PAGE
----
Category: blogSource: valuewalkNov 12th, 2021

Get 75% off Udacity"s popular online courses in tech skills like data science and computer programming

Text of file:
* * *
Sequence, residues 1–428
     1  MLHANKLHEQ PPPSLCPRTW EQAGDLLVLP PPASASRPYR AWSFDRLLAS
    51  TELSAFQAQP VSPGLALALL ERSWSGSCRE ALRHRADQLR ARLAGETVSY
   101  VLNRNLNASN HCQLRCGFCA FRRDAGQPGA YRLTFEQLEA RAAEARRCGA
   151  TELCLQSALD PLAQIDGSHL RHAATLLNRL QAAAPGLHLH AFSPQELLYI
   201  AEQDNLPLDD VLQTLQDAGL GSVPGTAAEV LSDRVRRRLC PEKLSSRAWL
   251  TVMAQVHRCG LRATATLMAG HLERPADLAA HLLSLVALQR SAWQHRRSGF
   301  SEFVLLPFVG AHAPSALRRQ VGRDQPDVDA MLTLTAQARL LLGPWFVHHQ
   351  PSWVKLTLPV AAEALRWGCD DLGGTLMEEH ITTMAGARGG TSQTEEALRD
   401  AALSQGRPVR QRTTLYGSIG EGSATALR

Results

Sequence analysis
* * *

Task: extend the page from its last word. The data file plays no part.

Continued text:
Udacity has online Nanodegrees and free courses in topics such as AI, marketing, cybersecurity, data science, computer science, and more. Udacity has online Nanodegrees and free courses in topics such as AI, marketing, cybersecurity, data science, computer science, and more. Udacity; Alyssa Powell/Insider Udacity offers free online courses and Nanodegrees to build in-demand, technology-based skills. Courses are available in subjects like AI, programming, cybersecurity, data science, and business. Below, find answers to FAQ, sales, and information on the top 10 most popular Udacity Nanodegrees. What is Udacity?Udacity is an online learning platform that trains students for in-demand, technology-based careers. It offers both short online courses and Nanodegree programs in artificial intelligence, autonomous systems, business, cloud computing, cybersecurity, data science, and programming.What are Udacity Nanodegrees?Udacity Nanodegrees are online certificate programs that can typically last anywhere from 3-6 months, similar to edX MicroMasters or Coursera MasterTracks. They're flexible and meant to work with your schedule, so you can learn at your own pace. All the programs also come with projects for hands-on learning and technical mentors in case you get stuck. One unique benefit to Udacity Nanodegrees is the career development resources students receive at the end, including help with optimizing resumes, LinkedIn profiles, and Github portfolios after completing the program. Udacity How much does Udacity cost?Udacity's Nanodegree programs normally cost anywhere from $678 to $2,034 (without sale discounts applied), depending on the program and length of training. There are flexible payment options available, such as paying per month instead of all at once. Additionally, Udacity offers several scholarships for its online programs. You can browse all available scholarships here.Are there any Udacity sales right now?Right now through December 31, 2021, you can get 75%-off discounts on courses through December 31 if you use the code INSIDER2021 at checkout.You can also apply for a personalized discount of up to 75% off Udacity's tech courses if you answer a few questions about your employment status and income. Lastly, you can use the code UPSKILL21 at checkout to get 50% off Udacity's tech courses, also through the end of the year, saving you up to $200 per month if you pursue a Nanodegree program.Are there any free Udacity courses?Yes. There are a number of free courses on Udacity such as Intro to Data Science and Google's Front End Frameworks. You can browse all the free courses here. Udacity (Note: Free courses do not come with projects, mentor assistance, or career development resources).What are some of the Udacity Nanodegrees available?These are the 10 most popular beginner and intermediate certificate programs on Udacity now: Digital Marketing Nanodegree Udacity Estimated length: 3 monthsNormal cost: $1,017 total or $399 per month ($225 total or $100 per month with code INSIDER2021 at checkout)Learn everything from creating your own marketing content, using social media platforms to promote it, running fruitful Facebook ad campaigns, and using Google Analytics to measure and track your success.Digital Marketing Nanodegree (button) Product Manager Nanodegree Udacity Estimated length: 4 monthsNormal cost: $1,596 total or $399 per month ($399 total or $100 per month with code INSIDER2021 at checkout)To help you design successful products, this program walks you through incorporating market analysis into product strategy and KPIs, designing a product within various realistic constraints, building a timeline, and creating tests to enhance the product over time.Product Manager Nanodegree (button) Business Analytics Nanodegree Udacity Estimated length: 3 months Normal cost: $1,017 total or $399 per month ($225 total or $100 per month with code INSIDER2021 at checkout)Learn crucial data skills that can be applied to a range of careers and industries, such as building data models with Excel, queries with the programming language SQL, and data visualizations with Tableau.Business Analytics Nanodegree (button) Programming for Data Science with Python Nanodegree Udacity Estimated length: 3 monthsNormal cost: $1,017 total or $399 per month ($225 total or $100 per month with code INSIDER2021 at checkout)Learn the core programming basics for a data science career, including how to code in Python and SQL to solve difficult business problems and create data structures and libraries.Programming for Data Science with Python Nanodegree (button) Data Engineer Nanodegree Udacity Estimated length: 5 monthsNormal cost: $1,995 total or $399 per month ($424 total or $100 per month with code INSIDER2021 at checkout)In this program, you'll learn how to design and build data models, data warehouses, data lakes, and data pipelines, as well as understand huge and complex datasets. The program ends with the completion of your own capstone data engineering portfolio project.Data Engineering Nanodegree (button) Data Analyst Nanodegree Udacity Estimated length: 4 monthsNormal cost: $1,596 total or $399 per month ($399 total or $100 per month with code INSIDER2021 at checkout)For students with some background in Python and SQL, this program dives deeper into decoding challenging datasets, manipulating data for analysis, and creating data visualizations to tell a comprehensive story using data.Data Analyst Nanodegree (button) Intro to Programming Nanodegree Udacity Estimated length: 4 monthsNormal cost: $1,596 total or $399 per month ($399 total or $100 per month with code INSIDER2021 at checkout)Perfect for students with no coding experience, this program covers the fundamentals of HTML, CSS, and Python. By the end, you'll be introduced to several possible career paths for further learning.Intro to Programming Nanodegree (button) C++ Developer Nanodegree Udacity ​​Estimated length: 4 monthsNormal cost: $1,596 total or $399 per month ($399 total or $100 per month with code INSIDER2021 at checkout)Learn C++ through five hands-on projects, including building a route planner using OpenStreetMap data, writing a process monitor for your computer, implementing your own smart pointers, crafting a multithreaded traffic simulator, and coding your own C++ application.C++ Developer Nanodegree (button) Data Scientist Nanodegree Udacity Estimated length: 4 monthsNormal cost: $1,596 total or $399 per month ($399 total or $100 per month with code INSIDER2021 at checkout)Gain the necessary core skills to become a data scientist by working on projects designed by industry experts, running data pipelines, designing experiments, building recommendation systems, and deploying solutions to the cloud.Data Science Nanodegree (button) Self-Driving Car Engineer Nanodegree Udacity Estimated ​​length: 5 monthsNormal cost: $1,995 total or $399 per month ($424 total or $100 per month with code INSIDER2021 at checkout)Pursue a career in engineering self-driving cars by first learning the techniques that power them. Using Deep Learning with radar and lidar sensor fusion, you'll gain the knowledge to train the vehicle to detect and identify its surroundings to inform navigation.Self-Driving Car Engineer Nanodegree (button) Read the original article on Business Insider.....»»